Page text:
Admitting that it does not have all the answers when it comes to ensuring data privacy, Facebook has said there are many opportunities for businesses and regulators to embrace modern design methods and collaborate to find innovative ways to hold organisations, including itself, accountable.
In a white paper released last week, Facebook said it recognises the responsibility "we have to make sure that people are informed about the data that we collect, use, and share".
"As improvements to technology challenge historic approaches to effective communications with people about privacy, companies and regulators need to keep up with changing times," said Erin Egan, Vice President and Chief Privacy Officer, Public Privacy at Facebook.
The white paper comes at a time when the social network is facing critical questions over maintaining users; data privacy and security.
The Ireland's Data Protection Commission (DPC) in May submitted a preliminary decision in a probe into Facebook and Twitter whether it complied with the General Data Protection Regulation (GDPR) to other member states of the European Union (EU).
The Irish watchdog sent a preliminary decision to Facebook-owned WhatsApp for their submissions and made further progress in three other investigations related to Facebook.
Facebook has come under the most scrutiny, with eight individual probes and two are into WhatsApp and one into Instagram.
According to Egan, Facebook wants to work with regulators, companies, and other interested third parties to develop new ways of informing people about their data, empowering them to make meaningful choices, and holding ourselves accountable.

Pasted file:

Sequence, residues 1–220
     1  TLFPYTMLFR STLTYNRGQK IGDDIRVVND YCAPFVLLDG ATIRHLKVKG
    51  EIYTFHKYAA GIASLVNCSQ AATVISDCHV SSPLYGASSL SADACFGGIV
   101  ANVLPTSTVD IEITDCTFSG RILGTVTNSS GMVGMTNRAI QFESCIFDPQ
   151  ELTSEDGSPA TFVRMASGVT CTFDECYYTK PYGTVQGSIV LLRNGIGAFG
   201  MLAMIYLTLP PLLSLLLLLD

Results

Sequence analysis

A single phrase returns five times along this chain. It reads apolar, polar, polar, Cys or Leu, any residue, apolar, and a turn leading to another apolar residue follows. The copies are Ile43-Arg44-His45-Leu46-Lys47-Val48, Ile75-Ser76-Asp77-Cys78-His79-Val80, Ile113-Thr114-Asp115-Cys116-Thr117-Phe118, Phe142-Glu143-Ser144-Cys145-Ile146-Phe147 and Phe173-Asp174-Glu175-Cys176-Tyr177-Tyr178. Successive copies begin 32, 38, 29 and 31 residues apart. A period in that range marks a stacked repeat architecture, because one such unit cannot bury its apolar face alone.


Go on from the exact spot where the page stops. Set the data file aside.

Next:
"We'll continue working with regulators, policymakers, companies and other experts to ensure people are well-informed about data and privacy choices," he said.
The company said it will explore new ways to hold companies, including itself, accountable for communicating these clearly.
"We believe that if we grapple with these complex issues now, we can help improve future regulation and make it easier for people to understand and manage their data," said Facebook.
Facebook last year agreed to pay $5 billion to the US Federal Trade Commission (FTC) as fine for users' privacy violations in the Cambridge Analytica scandal involving millions of users.
There have been important improvements to privacy and data protection laws and regulations in recent years, like the EU's General Data Protection Regulation (GDPR) and the California Consumer Privacy Act (CCPA) that aim to make data practices more transparent.
"In order for people to understand what privacy policies actually mean, companies need to communicate data practices and user rights clearly and adapt policies for new technologies. That's why we’ve called for robust privacy laws that require companies to clearly explain data practices and choices," Facebook elaborated.